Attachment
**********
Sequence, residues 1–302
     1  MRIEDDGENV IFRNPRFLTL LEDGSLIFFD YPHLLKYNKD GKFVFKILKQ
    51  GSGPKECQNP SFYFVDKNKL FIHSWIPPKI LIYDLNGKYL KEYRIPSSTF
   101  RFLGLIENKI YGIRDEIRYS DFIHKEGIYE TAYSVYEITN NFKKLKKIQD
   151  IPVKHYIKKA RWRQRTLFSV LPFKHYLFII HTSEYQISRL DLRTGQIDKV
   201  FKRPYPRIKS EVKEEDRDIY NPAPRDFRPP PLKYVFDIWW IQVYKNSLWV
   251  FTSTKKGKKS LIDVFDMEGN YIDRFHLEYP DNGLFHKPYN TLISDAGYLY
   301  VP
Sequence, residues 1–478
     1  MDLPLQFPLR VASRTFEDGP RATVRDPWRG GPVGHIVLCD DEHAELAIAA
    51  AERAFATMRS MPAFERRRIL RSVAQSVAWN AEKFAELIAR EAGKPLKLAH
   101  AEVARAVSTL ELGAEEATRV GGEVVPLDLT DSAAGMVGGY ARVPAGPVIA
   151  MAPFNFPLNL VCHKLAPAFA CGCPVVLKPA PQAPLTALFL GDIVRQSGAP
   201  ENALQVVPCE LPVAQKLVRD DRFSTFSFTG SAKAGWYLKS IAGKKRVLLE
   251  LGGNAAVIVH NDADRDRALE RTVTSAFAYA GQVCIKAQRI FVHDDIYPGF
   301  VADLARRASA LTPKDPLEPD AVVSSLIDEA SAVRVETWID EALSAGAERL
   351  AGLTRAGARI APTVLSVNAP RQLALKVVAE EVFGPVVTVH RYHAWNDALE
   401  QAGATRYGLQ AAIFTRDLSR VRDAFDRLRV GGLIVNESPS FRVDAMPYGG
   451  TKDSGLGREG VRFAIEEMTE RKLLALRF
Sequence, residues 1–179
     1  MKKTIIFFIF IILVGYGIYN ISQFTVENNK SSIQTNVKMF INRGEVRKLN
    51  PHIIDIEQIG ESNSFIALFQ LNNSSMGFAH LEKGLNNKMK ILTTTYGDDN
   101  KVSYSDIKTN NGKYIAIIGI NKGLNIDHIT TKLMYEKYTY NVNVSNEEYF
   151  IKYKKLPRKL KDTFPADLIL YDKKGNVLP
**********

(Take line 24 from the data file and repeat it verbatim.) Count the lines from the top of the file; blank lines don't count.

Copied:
   151  IKYKKLPRKL KDTFPADLIL YDKKGNVLP